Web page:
On his show, O’Reilly complains that too many Muslims are “silent” about violence perpetrated in the name of their religion. Yet as my friend pointed out after actually spending time with Muslim leaders, they have condemned these acts repeatedly. They see them — and denounce them — as heretical distortions of their faith.

But they feel like their voice gets ignored by a 24-hour news cycle which prefers a simpler narrative.

O’Reilly says he can’t hear any Muslim voices denouncing violence. Maybe if he stopped pontificating for two minutes and tried listening…

The truth is, we all see and hear what we want to. And we’re all blind to that which we just don’t want to see.

“Islam is a religion of violence.”

That’s the prevailing notion among many Christians, most of whom don’t know a single Muslim person.

Perhaps these Christians heard a fragment of the Quran that sounds like it’s promoting violence. Usually quoted without any context.

Sometimes it’s not even that. Sometimes it’s just what we think the Quran says — because, let’s be honest: most of us (myself included) couldn’t quote a single word of Islam’s holy book if we had to.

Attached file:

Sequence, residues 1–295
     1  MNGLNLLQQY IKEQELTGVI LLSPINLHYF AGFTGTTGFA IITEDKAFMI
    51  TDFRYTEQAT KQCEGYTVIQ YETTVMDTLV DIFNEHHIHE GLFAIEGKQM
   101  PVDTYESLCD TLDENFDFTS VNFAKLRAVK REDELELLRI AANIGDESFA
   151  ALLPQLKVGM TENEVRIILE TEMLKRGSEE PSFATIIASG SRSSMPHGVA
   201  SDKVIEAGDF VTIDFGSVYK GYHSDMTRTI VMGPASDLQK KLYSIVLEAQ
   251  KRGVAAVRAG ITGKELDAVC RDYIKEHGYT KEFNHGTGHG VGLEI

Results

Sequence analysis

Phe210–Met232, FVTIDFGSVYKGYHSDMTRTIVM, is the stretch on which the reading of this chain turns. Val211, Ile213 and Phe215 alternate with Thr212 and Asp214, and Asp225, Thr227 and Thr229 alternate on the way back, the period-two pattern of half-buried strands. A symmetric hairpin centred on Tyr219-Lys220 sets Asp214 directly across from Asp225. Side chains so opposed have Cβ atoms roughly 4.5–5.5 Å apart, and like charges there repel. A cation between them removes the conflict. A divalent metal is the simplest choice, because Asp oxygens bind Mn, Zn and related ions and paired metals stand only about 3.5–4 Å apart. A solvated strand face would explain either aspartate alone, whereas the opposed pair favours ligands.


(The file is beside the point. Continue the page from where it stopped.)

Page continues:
Sure. Islam has its “problem texts.”

But I’m a Christian, and that means I’ve got my share of problem texts to deal with too.

Then Israel made this vow to the Lord: “If you will deliver these people into our hands, we will totally destroy their cities.” The Lord listened to Israel’s plea and gave the Canaanites over to them. They completely destroyed them and their towns. (Numbers 21:2-3)

“Have you allowed all the women to live?” [Moses] asked them. “They were the ones who followed Balaam’s advice and enticed the Israelites to be unfaithful to the Lord in the Peor incident, so that a plague struck the Lord’s people. Now kill all the boys [Heb. taf, or “little children”]. (Numbers 31:15-18)

At that time we took all his towns and completely destroyed them — men, women and children. We left no survivors… the Lord our God gave us all of them. (Deuteronomy 2:34-36)